Cuthbert shared that vision, consoling, encouraging, exhorting, revealing God’s truth in his ‘teachings and his virtuous example’. The time he spent withdrawn from the world, as a hermit, contemplating heavenly truths, somehow made him more, not less able than others to connect to the lives of ordinary people. He would visit places ‘whose barbarity and squalor daunted other teachers’. People opened their hearts to him, drawn by the truth they recognised in his words and in his face.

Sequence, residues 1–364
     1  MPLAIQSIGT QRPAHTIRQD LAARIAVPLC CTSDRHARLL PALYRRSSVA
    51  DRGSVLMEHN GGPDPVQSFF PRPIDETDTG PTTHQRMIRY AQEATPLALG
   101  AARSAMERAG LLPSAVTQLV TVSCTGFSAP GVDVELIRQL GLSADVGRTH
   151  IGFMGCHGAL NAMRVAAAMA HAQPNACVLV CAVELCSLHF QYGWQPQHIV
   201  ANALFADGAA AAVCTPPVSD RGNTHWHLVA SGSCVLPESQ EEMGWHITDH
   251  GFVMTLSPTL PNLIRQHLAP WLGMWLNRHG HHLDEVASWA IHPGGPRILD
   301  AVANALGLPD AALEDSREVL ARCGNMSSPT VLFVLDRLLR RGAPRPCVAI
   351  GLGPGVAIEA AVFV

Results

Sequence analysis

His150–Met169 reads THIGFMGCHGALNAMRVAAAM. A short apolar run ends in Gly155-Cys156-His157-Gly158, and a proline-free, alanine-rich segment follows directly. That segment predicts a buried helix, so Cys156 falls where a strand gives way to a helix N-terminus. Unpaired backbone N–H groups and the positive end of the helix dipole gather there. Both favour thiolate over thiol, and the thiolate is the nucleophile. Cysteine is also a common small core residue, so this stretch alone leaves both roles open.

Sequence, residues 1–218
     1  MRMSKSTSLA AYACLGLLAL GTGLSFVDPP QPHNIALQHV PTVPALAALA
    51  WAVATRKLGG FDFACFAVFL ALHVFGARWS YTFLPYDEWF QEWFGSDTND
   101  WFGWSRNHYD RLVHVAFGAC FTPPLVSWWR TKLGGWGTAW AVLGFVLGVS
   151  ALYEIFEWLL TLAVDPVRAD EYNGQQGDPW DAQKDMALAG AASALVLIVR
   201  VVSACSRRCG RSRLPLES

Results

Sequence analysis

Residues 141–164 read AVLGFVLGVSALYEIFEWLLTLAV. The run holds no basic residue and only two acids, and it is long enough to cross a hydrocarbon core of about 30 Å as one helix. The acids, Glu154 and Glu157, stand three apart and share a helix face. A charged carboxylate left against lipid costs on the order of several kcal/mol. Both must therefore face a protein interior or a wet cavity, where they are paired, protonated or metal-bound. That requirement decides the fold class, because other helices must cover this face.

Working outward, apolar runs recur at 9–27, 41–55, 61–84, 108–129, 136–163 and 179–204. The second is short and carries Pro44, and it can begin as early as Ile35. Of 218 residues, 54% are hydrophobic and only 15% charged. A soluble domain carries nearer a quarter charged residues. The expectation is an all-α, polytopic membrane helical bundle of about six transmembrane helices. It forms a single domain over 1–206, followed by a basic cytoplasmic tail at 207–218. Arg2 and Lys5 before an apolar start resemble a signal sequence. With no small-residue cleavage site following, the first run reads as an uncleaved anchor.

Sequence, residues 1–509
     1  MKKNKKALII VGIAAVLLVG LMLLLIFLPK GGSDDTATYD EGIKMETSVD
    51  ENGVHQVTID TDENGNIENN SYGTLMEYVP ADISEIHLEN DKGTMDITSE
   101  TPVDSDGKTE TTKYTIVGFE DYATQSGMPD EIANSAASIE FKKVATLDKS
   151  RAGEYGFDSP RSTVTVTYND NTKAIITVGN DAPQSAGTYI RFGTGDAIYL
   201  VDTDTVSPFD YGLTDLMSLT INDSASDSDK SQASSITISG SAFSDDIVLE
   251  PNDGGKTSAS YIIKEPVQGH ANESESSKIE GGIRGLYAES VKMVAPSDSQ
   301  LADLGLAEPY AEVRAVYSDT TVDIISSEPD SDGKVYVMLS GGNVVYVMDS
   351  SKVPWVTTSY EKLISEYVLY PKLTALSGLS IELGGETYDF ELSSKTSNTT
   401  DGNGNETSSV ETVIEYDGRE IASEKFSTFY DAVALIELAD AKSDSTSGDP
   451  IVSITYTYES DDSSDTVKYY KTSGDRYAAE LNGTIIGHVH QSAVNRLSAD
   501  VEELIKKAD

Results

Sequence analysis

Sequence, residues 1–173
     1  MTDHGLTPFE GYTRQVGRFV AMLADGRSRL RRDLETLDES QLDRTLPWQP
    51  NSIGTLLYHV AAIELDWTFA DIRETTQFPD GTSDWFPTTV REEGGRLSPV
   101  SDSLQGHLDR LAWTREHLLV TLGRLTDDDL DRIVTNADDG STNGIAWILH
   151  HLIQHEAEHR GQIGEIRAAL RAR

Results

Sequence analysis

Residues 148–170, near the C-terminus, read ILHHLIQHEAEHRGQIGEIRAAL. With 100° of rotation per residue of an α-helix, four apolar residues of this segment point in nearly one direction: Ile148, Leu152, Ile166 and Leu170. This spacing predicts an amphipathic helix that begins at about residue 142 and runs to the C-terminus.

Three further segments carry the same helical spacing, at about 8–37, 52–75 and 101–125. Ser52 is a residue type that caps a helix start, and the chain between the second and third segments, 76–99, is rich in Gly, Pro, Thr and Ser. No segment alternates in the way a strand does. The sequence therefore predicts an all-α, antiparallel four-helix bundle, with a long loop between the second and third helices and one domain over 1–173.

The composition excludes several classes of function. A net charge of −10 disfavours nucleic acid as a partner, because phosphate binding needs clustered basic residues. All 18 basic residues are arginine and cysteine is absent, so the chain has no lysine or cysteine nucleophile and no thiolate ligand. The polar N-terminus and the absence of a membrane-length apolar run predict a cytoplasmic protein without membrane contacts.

Like the columns in Durham Cathedral, Cuthbert encourages us to take time to look up, as he did in the Lammermuir Hills, to raise our hearts and minds to God. He inspires us to find in the gospels the simple things of the ‘faith that works through love’, to strive to make the pages of the gospels a living reality in our lives.
Father Andrew Garden is a priest of the archdiocese of St Andrews and Edinburgh, currently serving in the parish of St David’s, Dalkeith. He was ordained from the Scots College in 2013.
Since then he has served parishes in Kilsyth and Falkirk before taking up the posting in Dalkeith in 2016.
Before his studies for the priesthood, Father Andrew taught in Orkney.